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Citizen Science for Traffic and Air Pollution Monitoring
An EU funded 'citizen science' project that empowers citizens to take a leading role in measuring road traffic and air pollution in their neighbourhoods.
Good Health And Well-Being
Industry, Innovation And Infrastructure
Sustainable Cities And Communities
Challenge / Goal
Road traffic is at the core of a variety of societal problems ranging from road safety, air, noise, and light pollution, to public health risks and ultimately, to the very liveability of our communities. Obtaining reliable traffic counts is fundamental to understanding the complex relationships between these problems and road traffic, and to initiate policy changes that will address them. In the past, local authorities have relied on high cost, spatially and temporally restricted traffic counting techniques. The WeCount project has the opportunity to change the way traffic data is produced and to greatly improve data available on traffic with the help of local citizens.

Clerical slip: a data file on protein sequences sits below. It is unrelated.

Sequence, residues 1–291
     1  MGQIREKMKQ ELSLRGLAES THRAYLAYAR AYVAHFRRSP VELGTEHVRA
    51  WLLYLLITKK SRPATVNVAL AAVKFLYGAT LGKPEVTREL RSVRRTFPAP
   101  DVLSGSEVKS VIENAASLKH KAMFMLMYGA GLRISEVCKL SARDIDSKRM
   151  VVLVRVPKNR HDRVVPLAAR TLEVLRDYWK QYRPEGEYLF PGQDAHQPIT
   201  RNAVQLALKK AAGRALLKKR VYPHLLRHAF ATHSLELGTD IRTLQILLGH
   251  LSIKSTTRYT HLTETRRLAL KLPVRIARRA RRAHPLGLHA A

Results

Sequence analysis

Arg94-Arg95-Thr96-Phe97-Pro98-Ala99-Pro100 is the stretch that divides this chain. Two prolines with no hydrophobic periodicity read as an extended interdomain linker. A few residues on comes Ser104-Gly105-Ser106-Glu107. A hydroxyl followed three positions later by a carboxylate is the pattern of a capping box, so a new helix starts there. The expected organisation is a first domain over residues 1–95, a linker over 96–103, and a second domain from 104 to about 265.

WeCount, a European-wide project with participants from six cities (Dublin, Cardiff, Barcelona, Madrid, Leuven, and Ljubljana), is using citizen-centric data collection to change the way traffic data is being produced and utilised. Volunteer 'citizen scientists' from across the Dublin Region, including locals from Smart D8, Smart Balbriggan and Smart Docklands, are taking part. They have been equipped with low cost, automated road traffic counting sensors which have been deployed in their communities. These sensors are installed on participants’ windows to count cars, trucks, bicycles and pedestrians on local streets. The Dublic traffic data from the sensors can be viewed here.
WeCount aims to support:
Citizens: To empower citizens to use new technology such as sensors to collect data and evidence about their communities. This can enable citizens to shape and influence local policy decisions and initiatives, and also builds community knowledge on issues relating to our local environment.
Research: To use the traffic data collected to produce scientific knowledge in the field of mobility and environmental pollution. And to work with communities to design potential solutions to tackle road transport challenges.
Local Authorities: To share the traffic data with Local Authorities to help inform their transport planning and support data-driven decision-making.
University College Dublin organised workshops for local communities to discuss their concerns around traffic in their neighbourhoods and learn more about how to analyse traffic data.
Want to learn more about the lessons learned, financial details and results?